Visualizing All the Electric Car Models Available in the U.S.

Visualizing All the Electric Car Models Available in the U.S.

Visualizing All Electric Car Models Available in the U.S.

America’s electric vehicle (EV) market has surged over the last decade, and it’s only expected to grow further. The Biden administration has allocated billions towards the EV transition in the hopes that by 2030, electric cars make up 50{09e594db938380acbda72fd0ffbcd1ef1c99380160786adb3aba3c50c4545157} of all new cars sales in America.

Given the rising demand, what types of electric car models are available for U.S. consumers to choose from today?

This graphic, using data from Car and Driver and EPA, highlights every single EV that’s available for sale across America, showing the wide range of manufacturers, vehicle types, and prices.

What Electric Vehicles Are Available in America?

Currently, there are 28 different electric vehicles available in the U.S., from 18 different manufacturers. Here are their base model statistics:

Model (2022)
Price (MSRP) Max. Horsepower Combined Fuel Economy Combined Max. Range
GMC Hummer EV Pickup $110,295 1,000 N/A N/A
Audi e-tron GT $102,400 469 82 MPGe 238 miles
Mercedes EQS $102,310 329 97 MPGe 350 miles
Tesla Model X $98,940 670 102 MPGe 348 miles
Tesla Model S $94,990 670 120 MPGe 405 miles
Porsche Taycan $82,700 321 79 MPGe 200 miles
Lucid Air Pure $77,400 480 N/A 406 miles
Rivian R1S $70,000 600 69 MPGe 316 miles
Jaguar I-Pace* $69,900 394 76 MPGe 234 miles
Rivian R1T $67,500 600 70 MPGe 314 miles
Audi e-tron $65,900 402 78 MPGe 222 miles
Volvo C40 Recharge $58,750 402 87 MPGe 226 miles
Volvo XC40 Recharge $55,300 402 85 MPGe 223 miles
Tesla Model Y Long Range $53,940 480 122 MPGe 330 miles
Polestar 2 $45,900 231 107 MPGe 270 miles
Tesla Model 3 $44,990 283 132 MPGe 272 miles
Audi Q4 e-tron $43,900 295 95 MPGe 241 miles
Ford Mustang Mach-E RWD $43,895 266 103 MPGe 247 miles
Hyundai Ioniq 5 $43,650 225 110 MPGe 220 miles
Kia EV6 $40,900 168 117 MPGe 232 miles
Volkswagen ID.4* $40,760 201 99 MPGe 260 miles
Kia Niro EV $39,990 201 112 MPGe 239 miles
Hyundai Kona Electric $34,000 201 120 MPGe 258 miles
Chevrolet Bolt EUV $33,500 200 115 MPGe 247 miles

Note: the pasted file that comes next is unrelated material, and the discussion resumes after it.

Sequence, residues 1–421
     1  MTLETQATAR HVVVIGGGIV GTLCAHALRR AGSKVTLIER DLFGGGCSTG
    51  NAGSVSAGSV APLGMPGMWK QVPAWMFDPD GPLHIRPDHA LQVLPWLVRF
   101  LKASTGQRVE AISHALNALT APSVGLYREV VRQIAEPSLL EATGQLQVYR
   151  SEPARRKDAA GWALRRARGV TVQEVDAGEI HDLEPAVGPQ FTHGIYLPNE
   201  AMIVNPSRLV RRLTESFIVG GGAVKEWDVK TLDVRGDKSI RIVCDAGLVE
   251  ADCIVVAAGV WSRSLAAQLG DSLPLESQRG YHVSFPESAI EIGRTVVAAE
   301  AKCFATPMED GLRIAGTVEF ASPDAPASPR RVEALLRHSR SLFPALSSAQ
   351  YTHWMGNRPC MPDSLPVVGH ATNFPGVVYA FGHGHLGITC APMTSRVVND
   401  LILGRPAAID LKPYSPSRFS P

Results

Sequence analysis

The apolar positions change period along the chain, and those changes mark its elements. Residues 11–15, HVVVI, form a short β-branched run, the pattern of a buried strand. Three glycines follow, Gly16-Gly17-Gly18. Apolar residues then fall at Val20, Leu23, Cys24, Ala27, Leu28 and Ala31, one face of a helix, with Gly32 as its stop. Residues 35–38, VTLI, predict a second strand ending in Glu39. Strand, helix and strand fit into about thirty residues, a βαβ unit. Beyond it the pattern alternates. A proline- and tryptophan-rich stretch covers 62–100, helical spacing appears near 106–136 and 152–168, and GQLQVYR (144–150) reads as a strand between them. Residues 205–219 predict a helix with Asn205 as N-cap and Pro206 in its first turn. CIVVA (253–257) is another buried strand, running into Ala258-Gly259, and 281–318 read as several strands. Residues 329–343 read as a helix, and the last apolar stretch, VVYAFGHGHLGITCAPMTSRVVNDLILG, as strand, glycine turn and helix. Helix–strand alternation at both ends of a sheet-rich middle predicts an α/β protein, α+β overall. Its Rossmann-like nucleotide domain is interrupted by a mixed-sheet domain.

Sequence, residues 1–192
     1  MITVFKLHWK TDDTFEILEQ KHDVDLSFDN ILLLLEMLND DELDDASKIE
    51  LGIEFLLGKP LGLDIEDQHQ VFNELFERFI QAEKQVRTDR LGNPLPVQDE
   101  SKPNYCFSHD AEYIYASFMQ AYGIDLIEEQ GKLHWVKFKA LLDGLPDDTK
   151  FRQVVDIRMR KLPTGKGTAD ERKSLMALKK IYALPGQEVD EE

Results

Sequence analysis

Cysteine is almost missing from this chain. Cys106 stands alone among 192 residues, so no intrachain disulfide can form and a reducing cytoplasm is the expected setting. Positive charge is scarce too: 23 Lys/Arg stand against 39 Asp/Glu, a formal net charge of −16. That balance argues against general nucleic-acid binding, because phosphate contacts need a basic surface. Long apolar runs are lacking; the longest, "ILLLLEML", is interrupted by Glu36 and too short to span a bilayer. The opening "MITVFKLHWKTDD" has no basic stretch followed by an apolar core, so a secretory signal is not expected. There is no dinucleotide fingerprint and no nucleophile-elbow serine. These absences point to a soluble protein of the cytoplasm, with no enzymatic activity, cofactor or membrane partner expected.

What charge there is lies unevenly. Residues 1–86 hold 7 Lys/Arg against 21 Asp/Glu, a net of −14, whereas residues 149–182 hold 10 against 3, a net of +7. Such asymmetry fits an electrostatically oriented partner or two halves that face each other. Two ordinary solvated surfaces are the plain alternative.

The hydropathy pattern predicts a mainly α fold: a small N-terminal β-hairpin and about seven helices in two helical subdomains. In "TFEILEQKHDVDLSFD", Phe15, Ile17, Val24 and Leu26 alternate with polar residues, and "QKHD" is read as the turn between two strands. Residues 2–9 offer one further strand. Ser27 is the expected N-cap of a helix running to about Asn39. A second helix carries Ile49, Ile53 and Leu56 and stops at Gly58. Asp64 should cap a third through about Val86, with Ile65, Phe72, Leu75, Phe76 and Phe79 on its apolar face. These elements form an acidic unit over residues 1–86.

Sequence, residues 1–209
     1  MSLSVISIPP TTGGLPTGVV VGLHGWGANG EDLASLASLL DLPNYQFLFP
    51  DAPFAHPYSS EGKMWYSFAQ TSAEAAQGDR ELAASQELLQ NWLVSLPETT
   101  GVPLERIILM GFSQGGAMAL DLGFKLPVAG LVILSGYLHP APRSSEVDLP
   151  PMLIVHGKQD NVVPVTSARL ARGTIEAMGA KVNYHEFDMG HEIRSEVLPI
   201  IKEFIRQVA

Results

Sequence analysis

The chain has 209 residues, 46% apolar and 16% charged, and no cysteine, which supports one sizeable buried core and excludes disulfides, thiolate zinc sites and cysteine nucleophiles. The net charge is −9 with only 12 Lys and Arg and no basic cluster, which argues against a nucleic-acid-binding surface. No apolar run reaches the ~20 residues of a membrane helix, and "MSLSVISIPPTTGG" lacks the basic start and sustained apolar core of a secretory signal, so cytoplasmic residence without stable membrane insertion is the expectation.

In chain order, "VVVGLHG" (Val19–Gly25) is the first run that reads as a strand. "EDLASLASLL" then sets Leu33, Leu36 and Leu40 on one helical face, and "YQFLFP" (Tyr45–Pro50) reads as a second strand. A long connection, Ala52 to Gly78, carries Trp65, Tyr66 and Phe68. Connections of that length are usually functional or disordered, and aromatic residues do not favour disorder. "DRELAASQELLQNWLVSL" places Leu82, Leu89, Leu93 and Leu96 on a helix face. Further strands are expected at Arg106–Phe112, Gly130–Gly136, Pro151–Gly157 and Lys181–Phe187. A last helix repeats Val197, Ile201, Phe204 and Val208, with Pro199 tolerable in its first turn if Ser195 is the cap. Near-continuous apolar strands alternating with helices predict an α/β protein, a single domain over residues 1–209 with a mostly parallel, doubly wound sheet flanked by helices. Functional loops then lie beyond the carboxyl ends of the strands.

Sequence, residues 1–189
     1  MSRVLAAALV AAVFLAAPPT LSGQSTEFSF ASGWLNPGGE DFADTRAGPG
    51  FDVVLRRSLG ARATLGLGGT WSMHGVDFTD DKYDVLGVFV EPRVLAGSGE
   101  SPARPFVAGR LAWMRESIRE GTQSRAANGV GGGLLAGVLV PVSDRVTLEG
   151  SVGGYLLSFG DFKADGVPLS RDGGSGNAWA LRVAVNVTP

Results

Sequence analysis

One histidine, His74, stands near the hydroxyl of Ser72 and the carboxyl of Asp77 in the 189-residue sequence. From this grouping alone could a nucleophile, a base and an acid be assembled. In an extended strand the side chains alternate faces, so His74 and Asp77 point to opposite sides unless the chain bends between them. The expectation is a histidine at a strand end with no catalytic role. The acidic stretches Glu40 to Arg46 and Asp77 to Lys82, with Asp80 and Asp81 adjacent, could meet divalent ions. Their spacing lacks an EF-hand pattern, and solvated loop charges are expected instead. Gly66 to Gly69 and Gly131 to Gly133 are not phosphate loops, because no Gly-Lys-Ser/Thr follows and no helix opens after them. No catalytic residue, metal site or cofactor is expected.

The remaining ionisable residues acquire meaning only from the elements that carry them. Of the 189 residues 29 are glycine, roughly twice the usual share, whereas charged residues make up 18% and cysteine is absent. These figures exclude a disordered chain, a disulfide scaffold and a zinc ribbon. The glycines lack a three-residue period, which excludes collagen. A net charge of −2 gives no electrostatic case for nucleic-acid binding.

Mazda MX-30 $33,470 143 92 MPGe 100 miles
Chevrolet Bolt EV $31,500 200 120 MPGe 259 miles
Mini Cooper SE $29,900 181 110 MPGe 114 miles
Nissan Leaf $27,400 147 111 MPGe 149 miles

As of February 2022. *Indicates EPA data on fuel economy and range was only available for 2021 models.

At less than $30,000, the Nissan Leaf and Mini Cooper SE are currently the most affordable options for Americans.

Released in 2010, the Nissan Leaf is one of the oldest EVs on the market. Widely considered a pioneer in the EV space, it’s one of the top-selling electric cars in the U.S.—in 2021, more than 14,000 cars were sold in America.

While the Leaf’s low price point may be appealing to many, it has the third shortest maximum range on the list at 149 miles before needing a recharge. The only other cars with shorter ranges were the Mini Cooper SE and the Mazda MX-30.

GMC’s Hummer EV pickup is the most expensive EV on the list, with a base price point of $110,295—however, GMC is planning to release less expensive versions of the Hummer EV over the coming years.

The only other EV pickup available in the U.S. market in early 2022 is Rivian’s R1T. However, more manufacturers like Ford and Chevrolet are planning to release their own EV pickups, and Tesla’s Cybertruck has been in the works for years.

The Top EV Manufacturers

There are a number of domestic and international manufacturers that sell EVs in America, including German manufacturer Audi, Swedish carmaker Volvo, and South Korean manufacturer Kia.

Here’s a breakdown of the 18 different manufacturers on the list, six of which are U.S. based:

Manufacturer Country of HQ # EVs sold in the U.S.
Tesla 🇺🇸 U.S. 4
Audi 🇩🇪 Germany 3
Volvo 🇸🇪 Sweden 2
Rivian 🇺🇸 U.S. 2
Kia 🇰🇷 South Korea 2
Hyundai 🇰🇷 South Korea 2
Chevrolet 🇺🇸 U.S. 2
Volkswagen 🇩🇪 Germany 1
Porsche 🇩🇪 Germany 1
Polestar 🇸🇪 Sweden 1
Nissan 🇯🇵 Japan 1
Mini Cooper 🇩🇪 German 1
Mercedes 🇩🇪 German 1
Mazda 🇯🇵 Japan 1
Lucid 🇺🇸 U.S. 1
Jaguar 🇬🇧 UK 1
GMC 🇺🇸 U.S. 1
Ford 🇺🇸 U.S. 1

Tesla has the highest number of EV models on the market, with four different vehicles available: the Model S, Model X, Model Y, and the Model 3. It’s one of the few manufacturers on the list that exclusively makes electric cars—the only others being Rivian and Lucid.

While anticipation has been building around Tesla’s Cybertruck, and murmurs of a cheaper Tesla have been circulating, Tesla’ CEO Elon Musk has confirmed that there will be no new Tesla models released in 2022. The company will instead focus on its existing models for the time being.

Are U.S. Consumers Ready to Transition to Electric Cars?

It’s important to note that, while EV adoption in America has increased over the years, the U.S. is still lagging behind other countries. Between 2015 and 2020, America’s EV fleet grew at an annual rate of 28{09e594db938380acbda72fd0ffbcd1ef1c99380160786adb3aba3c50c4545157}, while China’s grew by 51{09e594db938380acbda72fd0ffbcd1ef1c99380160786adb3aba3c50c4545157}, and Europe increased by 41{09e594db938380acbda72fd0ffbcd1ef1c99380160786adb3aba3c50c4545157}.

Why are so many Americans dragging their feet when it comes to electric cars? According to a survey by Pew Research Center, the cost is a big barrier, as well as concerns over their reliability compared to gas vehicles.

But with gas prices at all-time highs, and as consumers grow increasingly concerned over the carbon costs of gas vehicles, switching to an electric car may soon be too hard to resist.